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2007 Toyota Highlander

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2007 Toyota Highlander Review

KBB Editors' Overview

By KBB.com Editors


The Highlander is one of the most popular crossover SUVs on the market. Built on the Toyota Camry platform, the Highlander embodies the handling and safety attributes of a car while providing the interior room and versatility of a big SUV. Although the newest version offers seating for seven, the Highlander's modest size precludes its third-row seat from prolonged adult use. We think the best iteration is the five-passenger model, which offers a good balance between people and cargo space. Although pricey, consumers will find its excellent long-term service history and high resale value make this SUV a worthy investment.

You'll Like This Car If...

The Highlander is perfect for buyers who usually find themselves in a station wagon, but would prefer the ride height and all-wheel-drive traction of an SUV. With the Highlander, you can have the best of both vehicles.

You May Not Like This Car If...

The Highlander does not look like a rugged SUV, which may pose a problem for the image-conscious. V6 models can be pricey, especially when you start adding options.

What's Significant About This Car?

For 2007, front side-impact airbags and front and second-row side-curtain airbags are standard equipment. A new Sport trim joins the line and features an upgraded exterior, 17-inch wheels and a V6 engine, while four-wheel-drive models receive a sport-tuned suspension.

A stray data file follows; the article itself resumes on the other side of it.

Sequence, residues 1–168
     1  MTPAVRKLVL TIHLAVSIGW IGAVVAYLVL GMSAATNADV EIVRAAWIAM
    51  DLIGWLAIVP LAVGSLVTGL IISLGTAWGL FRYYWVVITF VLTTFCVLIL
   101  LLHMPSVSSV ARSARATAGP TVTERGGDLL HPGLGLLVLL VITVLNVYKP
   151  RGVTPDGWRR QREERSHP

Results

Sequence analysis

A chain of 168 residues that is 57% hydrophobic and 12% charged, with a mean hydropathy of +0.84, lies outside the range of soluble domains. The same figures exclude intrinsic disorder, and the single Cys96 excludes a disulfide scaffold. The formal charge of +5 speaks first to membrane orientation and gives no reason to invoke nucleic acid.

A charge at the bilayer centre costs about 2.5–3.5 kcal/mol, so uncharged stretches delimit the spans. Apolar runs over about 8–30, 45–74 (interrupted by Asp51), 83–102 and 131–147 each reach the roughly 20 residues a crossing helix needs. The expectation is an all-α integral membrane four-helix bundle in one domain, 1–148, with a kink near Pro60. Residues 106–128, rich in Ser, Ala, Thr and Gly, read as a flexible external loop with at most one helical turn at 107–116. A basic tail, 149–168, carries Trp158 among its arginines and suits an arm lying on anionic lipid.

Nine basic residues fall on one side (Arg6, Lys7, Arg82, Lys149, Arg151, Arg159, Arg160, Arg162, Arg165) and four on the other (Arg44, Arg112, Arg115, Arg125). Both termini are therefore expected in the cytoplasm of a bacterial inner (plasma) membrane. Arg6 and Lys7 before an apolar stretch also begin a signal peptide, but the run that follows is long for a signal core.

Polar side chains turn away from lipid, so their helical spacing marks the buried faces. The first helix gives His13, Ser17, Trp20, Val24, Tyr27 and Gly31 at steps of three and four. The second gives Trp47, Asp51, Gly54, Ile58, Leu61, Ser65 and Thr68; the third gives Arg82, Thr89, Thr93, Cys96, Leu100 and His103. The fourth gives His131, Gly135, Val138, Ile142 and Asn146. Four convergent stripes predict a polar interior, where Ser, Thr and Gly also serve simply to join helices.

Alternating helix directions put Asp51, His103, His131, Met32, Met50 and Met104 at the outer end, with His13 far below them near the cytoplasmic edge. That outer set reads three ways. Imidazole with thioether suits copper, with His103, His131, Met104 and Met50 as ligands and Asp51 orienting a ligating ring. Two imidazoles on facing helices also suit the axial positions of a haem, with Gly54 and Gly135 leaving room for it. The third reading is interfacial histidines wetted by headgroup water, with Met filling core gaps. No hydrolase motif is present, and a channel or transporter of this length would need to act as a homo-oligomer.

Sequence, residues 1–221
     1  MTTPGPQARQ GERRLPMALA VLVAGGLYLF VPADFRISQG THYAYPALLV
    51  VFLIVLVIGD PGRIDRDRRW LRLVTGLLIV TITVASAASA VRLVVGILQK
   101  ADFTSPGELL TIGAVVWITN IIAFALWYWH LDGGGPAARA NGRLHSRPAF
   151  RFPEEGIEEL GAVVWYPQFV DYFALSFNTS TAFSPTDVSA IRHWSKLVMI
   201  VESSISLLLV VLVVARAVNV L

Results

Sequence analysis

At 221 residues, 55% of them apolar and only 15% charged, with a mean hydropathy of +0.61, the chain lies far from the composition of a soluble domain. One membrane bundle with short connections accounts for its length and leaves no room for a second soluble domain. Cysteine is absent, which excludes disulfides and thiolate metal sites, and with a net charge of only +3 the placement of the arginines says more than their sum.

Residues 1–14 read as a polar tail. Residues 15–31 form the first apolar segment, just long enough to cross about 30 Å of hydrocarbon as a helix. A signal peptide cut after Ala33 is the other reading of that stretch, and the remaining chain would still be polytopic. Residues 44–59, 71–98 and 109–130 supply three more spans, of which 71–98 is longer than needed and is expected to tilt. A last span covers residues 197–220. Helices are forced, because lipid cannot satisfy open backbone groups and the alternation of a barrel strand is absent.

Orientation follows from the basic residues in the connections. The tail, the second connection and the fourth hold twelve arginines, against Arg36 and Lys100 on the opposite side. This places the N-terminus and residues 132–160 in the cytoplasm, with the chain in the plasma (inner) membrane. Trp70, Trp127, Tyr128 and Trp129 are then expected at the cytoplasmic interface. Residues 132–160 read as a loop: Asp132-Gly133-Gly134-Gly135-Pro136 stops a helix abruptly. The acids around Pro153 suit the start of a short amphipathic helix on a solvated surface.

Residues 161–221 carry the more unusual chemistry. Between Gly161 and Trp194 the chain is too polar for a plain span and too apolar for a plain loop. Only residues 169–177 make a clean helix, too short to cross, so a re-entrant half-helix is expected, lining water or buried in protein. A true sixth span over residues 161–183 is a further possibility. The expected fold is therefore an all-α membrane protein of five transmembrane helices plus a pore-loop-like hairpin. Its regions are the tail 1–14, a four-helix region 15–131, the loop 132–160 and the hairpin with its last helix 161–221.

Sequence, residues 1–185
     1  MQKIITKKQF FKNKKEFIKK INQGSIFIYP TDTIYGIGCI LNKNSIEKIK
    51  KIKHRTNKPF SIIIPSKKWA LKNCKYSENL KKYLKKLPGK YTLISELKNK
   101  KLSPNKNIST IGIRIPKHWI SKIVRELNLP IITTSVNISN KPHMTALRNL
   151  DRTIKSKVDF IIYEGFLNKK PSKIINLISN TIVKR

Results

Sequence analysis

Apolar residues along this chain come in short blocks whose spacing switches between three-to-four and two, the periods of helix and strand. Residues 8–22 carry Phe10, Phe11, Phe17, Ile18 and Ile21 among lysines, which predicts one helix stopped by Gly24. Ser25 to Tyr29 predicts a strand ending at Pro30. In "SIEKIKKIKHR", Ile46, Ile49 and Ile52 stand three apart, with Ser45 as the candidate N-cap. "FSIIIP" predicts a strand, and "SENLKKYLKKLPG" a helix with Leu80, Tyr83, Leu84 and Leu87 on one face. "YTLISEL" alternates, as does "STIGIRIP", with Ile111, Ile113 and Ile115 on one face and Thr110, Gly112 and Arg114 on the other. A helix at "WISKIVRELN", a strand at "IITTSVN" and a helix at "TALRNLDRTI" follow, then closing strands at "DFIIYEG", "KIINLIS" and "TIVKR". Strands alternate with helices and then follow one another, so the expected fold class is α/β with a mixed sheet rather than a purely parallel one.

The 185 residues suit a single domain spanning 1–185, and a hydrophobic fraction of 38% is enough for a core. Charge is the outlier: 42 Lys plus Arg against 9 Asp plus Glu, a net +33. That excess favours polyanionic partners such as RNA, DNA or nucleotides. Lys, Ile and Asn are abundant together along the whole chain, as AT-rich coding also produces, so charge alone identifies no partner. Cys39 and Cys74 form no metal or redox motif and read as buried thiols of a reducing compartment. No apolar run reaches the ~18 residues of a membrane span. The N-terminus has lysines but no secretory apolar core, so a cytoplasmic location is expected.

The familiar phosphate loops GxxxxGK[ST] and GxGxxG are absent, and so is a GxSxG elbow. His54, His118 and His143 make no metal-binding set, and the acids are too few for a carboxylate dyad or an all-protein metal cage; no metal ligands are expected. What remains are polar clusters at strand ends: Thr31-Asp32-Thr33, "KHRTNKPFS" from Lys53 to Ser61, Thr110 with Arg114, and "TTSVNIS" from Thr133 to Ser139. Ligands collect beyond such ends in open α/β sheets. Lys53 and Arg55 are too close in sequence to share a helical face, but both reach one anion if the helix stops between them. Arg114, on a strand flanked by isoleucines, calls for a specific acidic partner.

Driving It Driving Impressions

Though the four-cylinder engine is certainly capable, the V6 can better deal with the added weight and power requirements of an all-wheel-drive system. The Highlander's full-time four-wheel drive is not designed for rugged off-road use, but it does work extremely well when encountering deep snow, mud or steep slippery roads—certainly more typical situations than actually pounding through the wilderness.

On the road the Highlander feels solid—almost tank-like. Wind and road noise are practically nonexistent and the engine emits a sweet, smooth melody as if it were almost delighted to be at your service. The only time you may experience a break in the Highlander's interior lull is if you lower only one of the rear windows. This action seems to cause a greater-than-usual amount of wind buffeting, which can be neutralized by either opening another window or venting the sunroof.

Favorite Features

Optional Rear-Seat DVD Player
The optional rear-seat DVD player should keep the little ones happy on long road trips.

New Navigation System
A new navigation system is now optional on the Limited model.

Vehicle Details Interior   photo

The Highlander's supportive front bucket seats have wide bottoms and a good amount of lower lumbar support. Rear-seat passengers are treated to a standard folding center armrest and large cup holders built into the rear doors. The Highlander's rear seats can be folded down to form a perfectly flat floor, a useful feature when loading long or heavy objects. When equipped with the optional third-row seat, the second-row seat includes a slide-forward feature to allow easy entry and exit. A standard center console fills the void between the front seats. The console has two large adjustable cup holders, a deep center storage area and a floor-level storage tray.